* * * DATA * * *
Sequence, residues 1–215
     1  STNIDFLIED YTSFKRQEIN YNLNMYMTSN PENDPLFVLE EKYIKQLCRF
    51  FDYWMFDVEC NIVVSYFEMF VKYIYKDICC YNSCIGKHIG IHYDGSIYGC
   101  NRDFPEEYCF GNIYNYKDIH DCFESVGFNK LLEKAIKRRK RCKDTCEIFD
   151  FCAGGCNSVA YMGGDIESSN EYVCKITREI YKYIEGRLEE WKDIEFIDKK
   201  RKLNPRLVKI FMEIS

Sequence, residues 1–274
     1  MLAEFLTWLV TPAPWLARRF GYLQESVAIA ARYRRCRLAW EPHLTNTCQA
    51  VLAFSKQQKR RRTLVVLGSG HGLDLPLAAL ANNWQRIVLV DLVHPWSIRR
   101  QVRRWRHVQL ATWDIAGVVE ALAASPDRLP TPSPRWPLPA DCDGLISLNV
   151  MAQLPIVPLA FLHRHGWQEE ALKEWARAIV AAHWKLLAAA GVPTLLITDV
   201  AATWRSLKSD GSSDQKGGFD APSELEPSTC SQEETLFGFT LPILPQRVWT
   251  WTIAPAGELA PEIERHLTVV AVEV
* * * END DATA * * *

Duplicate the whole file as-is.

Sequence, residues 1–215
     1  STNIDFLIED YTSFKRQEIN YNLNMYMTSN PENDPLFVLE EKYIKQLCRF
    51  FDYWMFDVEC NIVVSYFEMF VKYIYKDICC YNSCIGKHIG IHYDGSIYGC
   101  NRDFPEEYCF GNIYNYKDIH DCFESVGFNK LLEKAIKRRK RCKDTCEIFD
   151  FCAGGCNSVA YMGGDIESSN EYVCKITREI YKYIEGRLEE WKDIEFIDKK
   201  RKLNPRLVKI FMEIS

Sequence, residues 1–274
     1  MLAEFLTWLV TPAPWLARRF GYLQESVAIA ARYRRCRLAW EPHLTNTCQA
    51  VLAFSKQQKR RRTLVVLGSG HGLDLPLAAL ANNWQRIVLV DLVHPWSIRR
   101  QVRRWRHVQL ATWDIAGVVE ALAASPDRLP TPSPRWPLPA DCDGLISLNV
   151  MAQLPIVPLA FLHRHGWQEE ALKEWARAIV AAHWKLLAAA GVPTLLITDV
   201  AATWRSLKSD GSSDQKGGFD APSELEPSTC SQEETLFGFT LPILPQRVWT
   251  WTIAPAGELA PEIERHLTVV AVEV